The brother of al Qaeda leader Ayman al-Zawahiri is offering to try to mediate a peace deal with the U.S. and its terror-war allies. Mohamed al-Zawahiri tells CNN that his close personal and ideological relationship with his brother make him uniquely qualified to broker an agreement to prevent future attacks, but he says both sides would have to make concessions. Is there really any chance that al Qaeda's fugitive leaders would agree to stop targeting Americans — and that they would hold up their end of any bargain? Here, a brief guide to this unexpected proposal:
Is this guy serious?
He insists that he is. Mohamed al-Zawahiri, the al Qaeda leader's younger brother, was once a militant in Islamic Jihad, now linked to al Qaeda. But he was imprisoned in Egypt for 14 years on charges that included terrorism and participating in the 1981 assassination of President Anwar Sadat (all of which he denies). Zawahiri told CNN that he spent five years in solitary confinement, and, while stuck in a 6-by-6-foot cell, he decided to work toward peace once he was released, which finally happened this past May. "I don't represent a certain group," Zawahiri says. "My role is a mediator between the West and [al Qaeda]."
What is he offering to do?
He says he'll try to negotiate a 10-year truce that would require al Qaeda to make three core concessions. It would have to stop attacks on the U.S. and the rest of the West, protect the West's interests in Muslim lands, and stop provoking the West. The younger Zawahiri has the respect of both Islamists and the new government of his native Egypt, and has already helped Cairo in talks with jihadists in the Sinai, according to a CNN source close to the negotiations. He concedes that he hasn't spoken with his older brother in 10 years, but that if anyone can get him to listen, he can.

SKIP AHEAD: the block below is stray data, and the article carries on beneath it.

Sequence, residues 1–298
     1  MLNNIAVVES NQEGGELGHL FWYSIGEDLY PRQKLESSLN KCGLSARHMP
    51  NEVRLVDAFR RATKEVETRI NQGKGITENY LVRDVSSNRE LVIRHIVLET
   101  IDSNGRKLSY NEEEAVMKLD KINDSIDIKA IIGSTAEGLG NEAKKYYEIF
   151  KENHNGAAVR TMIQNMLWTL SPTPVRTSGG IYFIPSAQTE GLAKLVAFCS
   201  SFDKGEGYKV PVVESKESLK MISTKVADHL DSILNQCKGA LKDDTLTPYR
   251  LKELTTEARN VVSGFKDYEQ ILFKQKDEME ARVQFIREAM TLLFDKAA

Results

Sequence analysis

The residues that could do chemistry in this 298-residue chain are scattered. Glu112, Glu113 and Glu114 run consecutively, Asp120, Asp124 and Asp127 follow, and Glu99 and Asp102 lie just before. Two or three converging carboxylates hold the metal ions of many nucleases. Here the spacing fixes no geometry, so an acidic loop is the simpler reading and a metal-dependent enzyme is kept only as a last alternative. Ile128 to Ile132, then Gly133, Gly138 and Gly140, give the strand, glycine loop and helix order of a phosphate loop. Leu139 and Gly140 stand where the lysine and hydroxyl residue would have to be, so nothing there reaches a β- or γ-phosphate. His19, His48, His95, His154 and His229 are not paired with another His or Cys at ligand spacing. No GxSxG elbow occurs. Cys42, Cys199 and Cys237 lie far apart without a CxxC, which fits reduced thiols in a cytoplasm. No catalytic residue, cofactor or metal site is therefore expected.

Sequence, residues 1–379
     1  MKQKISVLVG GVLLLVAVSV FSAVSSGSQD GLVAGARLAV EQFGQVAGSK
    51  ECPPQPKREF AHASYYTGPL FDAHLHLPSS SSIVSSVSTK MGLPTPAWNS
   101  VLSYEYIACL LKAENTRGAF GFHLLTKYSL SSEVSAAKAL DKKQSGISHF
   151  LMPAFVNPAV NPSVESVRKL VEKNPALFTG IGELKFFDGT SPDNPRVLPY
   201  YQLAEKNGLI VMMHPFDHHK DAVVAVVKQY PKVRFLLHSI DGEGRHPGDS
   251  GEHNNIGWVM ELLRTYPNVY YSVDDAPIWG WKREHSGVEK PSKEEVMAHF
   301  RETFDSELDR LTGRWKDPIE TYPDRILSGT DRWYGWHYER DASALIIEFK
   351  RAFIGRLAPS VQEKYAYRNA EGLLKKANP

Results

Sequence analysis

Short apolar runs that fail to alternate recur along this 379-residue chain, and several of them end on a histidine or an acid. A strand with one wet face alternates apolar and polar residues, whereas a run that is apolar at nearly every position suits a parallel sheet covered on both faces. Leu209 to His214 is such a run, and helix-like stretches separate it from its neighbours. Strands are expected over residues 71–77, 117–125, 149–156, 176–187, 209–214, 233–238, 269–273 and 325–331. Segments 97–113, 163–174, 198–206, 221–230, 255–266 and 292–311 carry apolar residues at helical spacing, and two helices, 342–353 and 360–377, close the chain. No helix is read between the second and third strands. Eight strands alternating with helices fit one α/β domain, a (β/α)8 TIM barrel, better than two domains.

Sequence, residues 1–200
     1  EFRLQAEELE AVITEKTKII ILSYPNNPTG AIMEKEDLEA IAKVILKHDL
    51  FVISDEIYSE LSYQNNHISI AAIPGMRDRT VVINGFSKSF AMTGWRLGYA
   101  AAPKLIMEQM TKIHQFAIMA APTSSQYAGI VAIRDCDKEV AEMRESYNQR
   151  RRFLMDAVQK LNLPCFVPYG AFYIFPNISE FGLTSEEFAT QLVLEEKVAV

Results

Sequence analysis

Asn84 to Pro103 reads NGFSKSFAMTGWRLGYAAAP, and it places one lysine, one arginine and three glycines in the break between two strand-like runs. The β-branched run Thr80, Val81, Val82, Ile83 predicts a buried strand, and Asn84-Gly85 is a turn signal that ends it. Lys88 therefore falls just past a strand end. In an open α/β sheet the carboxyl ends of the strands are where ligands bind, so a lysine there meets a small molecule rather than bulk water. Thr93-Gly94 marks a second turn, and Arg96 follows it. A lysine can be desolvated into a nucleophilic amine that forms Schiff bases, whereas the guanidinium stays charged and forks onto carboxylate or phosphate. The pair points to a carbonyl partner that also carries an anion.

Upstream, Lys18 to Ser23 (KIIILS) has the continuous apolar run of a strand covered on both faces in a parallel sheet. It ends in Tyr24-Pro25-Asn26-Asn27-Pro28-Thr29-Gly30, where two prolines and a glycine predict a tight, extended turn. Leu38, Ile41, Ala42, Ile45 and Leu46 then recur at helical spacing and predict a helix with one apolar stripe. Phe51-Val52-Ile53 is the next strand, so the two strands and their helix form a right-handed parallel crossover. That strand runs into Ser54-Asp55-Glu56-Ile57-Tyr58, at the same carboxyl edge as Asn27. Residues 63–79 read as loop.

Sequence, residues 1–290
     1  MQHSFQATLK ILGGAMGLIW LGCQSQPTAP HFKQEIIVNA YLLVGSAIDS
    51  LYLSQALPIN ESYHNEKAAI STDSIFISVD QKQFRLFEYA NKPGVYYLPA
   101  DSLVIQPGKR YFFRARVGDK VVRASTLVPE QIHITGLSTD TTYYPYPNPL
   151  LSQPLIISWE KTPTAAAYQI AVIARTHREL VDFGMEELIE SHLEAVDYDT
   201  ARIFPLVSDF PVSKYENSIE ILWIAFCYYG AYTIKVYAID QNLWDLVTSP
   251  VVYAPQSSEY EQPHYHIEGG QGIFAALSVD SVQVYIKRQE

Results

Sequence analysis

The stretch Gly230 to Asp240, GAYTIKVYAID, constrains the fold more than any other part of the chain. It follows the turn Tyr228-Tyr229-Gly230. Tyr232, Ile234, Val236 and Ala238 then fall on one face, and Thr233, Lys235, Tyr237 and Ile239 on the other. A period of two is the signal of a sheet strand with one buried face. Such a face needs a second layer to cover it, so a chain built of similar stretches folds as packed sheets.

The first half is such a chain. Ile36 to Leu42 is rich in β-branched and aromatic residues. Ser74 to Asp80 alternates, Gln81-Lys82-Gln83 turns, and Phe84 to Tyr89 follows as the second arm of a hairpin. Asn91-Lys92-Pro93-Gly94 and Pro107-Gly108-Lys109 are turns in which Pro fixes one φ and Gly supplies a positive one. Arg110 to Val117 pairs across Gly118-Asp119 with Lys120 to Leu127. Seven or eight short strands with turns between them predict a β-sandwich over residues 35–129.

What does he want from the West in exchange?
He says that the U.S. and its allies will have to accept four main conditions. They must agree to "stop intervening in Muslim lands," "stop interfering in Muslim education," "end the war on Islam," and release all Islamist prisoners — including confessed Sept. 11 mastermind Khalid Shaikh Mohammed. "This is a very tough mission," he tells CNN. "If you want to live in peace then you must make others feel that they will live in peace."
Is there any chance this will go anywhere?
Um, no, says blogger Danielj at JD Journal. For starters, "the terms are unacceptably high and ambiguous as well: What does it mean to 'stop interfering with Muslim education'?" This terrorist is only "offering an olive branch now because al Qaeda has been decimated during the last decade," says Jim Kane at Gather. The jihadists have been beaten down. They're "hardly in a position" to make demands of the West. And they know it, says Konstantin Garibov at Eurasia Review. Al Qaeda doesn't even speak for all of the world's militant Islamists, so it couldn't make peace if it wanted to. It probably just wants the West to spurn this offer to justify and fuel "fresh attacks." Remember, the West rejected a similar offer when Osama bin Laden was still around, and a year later London was hit with the 7/7 subway attack, which killed 52 people.